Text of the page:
NASHVILLE, Tenn. (BP)–The same day that Massachusetts became the first state to legalize same-sex “marriage,” a new poll was released showing that two-thirds of Americans support the Federal Marriage Amendment that is now before the United States Senate.
The poll, conducted by Wirthlin Worldwide for the Alliance for Marriage, found that 57 percent of Americans strongly favor and 10 percent somewhat favor the wording of an amendment that would protect the traditional definition of marriage, thus banning same-sex “marriage.” Combined, 67 percent of Americans support the amendment while 30 percent oppose (23 percent strongly oppose, 7 percent somewhat oppose).
“The constitutional problem created by almost a decade of activist lawsuits to destroy our marriage laws demands a constitutional fix,” Matt Daniels, president of the Alliance for Marriage, said in a statement. “AFM’s marriage amendment has been introduced with bipartisan sponsorship in two successive sessions of Congress in order to protect the common sense view of marriage shared by the vast majority of Americans of every race, color and creed.”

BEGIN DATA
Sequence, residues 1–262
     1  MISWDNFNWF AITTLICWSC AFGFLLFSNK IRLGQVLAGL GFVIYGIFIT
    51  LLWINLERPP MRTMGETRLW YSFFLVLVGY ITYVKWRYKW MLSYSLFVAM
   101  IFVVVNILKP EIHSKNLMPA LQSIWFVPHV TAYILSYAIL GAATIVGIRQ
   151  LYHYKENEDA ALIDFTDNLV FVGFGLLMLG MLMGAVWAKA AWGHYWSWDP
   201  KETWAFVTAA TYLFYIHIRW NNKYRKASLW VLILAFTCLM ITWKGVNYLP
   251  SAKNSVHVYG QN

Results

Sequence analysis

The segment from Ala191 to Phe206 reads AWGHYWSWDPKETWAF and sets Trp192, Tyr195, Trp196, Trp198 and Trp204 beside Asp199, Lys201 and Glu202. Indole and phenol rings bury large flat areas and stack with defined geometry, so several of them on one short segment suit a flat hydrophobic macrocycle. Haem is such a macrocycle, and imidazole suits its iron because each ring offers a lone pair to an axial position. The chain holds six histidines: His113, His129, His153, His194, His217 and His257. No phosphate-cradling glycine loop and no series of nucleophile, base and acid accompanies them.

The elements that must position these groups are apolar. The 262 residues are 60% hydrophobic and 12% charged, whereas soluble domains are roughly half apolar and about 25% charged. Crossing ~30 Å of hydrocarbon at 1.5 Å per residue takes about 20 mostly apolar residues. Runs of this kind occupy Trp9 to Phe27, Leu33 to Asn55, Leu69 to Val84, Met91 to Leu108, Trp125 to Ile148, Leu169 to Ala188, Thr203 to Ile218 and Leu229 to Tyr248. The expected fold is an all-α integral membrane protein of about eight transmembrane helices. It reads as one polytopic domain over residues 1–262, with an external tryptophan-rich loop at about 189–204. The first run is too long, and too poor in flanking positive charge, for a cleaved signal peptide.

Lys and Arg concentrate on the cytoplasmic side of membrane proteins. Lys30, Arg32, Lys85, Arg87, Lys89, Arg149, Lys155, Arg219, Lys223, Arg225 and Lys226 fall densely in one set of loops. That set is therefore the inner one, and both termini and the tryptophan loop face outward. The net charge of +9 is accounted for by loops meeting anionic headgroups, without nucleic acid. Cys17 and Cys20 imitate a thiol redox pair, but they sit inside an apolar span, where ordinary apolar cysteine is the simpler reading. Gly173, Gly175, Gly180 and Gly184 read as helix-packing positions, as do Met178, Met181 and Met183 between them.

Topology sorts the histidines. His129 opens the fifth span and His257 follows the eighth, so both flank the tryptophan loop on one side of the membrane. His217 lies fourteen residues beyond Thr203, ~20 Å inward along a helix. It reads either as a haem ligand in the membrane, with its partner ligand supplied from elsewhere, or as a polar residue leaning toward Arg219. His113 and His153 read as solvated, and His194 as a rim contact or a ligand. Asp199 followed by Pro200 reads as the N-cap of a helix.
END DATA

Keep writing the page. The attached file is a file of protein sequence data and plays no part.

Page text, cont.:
The poll of 1,000 adults was conducted April 2-5. Among the poll’s other findings:
— 79 percent of Republicans, 63 percent of independents and 56 percent of Democrats support the amendment.
— 66 percent of men and 66 percent of women favor the amendment.
— 67 percent of whites, blacks and Hispanics support the amendment.
The poll question asked:
“There has been some discussion, recently, about how marriage should be defined in the U.S. I am going to read you the wording of a possible amendment to the U.S. Constitution and then ask you whether you would favor or oppose such an amendment. The amendment says, ‘Marriage in the United States shall consist only of the union of a man and a woman. Neither this Constitution, nor the constitution of any State, shall be construed to require that marriage or the legal incidents thereof be conferred upon any union other than the union of a man and a woman.’”
The amendments before the House and Senate differ slightly.
For more information about the national debate over same-sex “marriage,” visit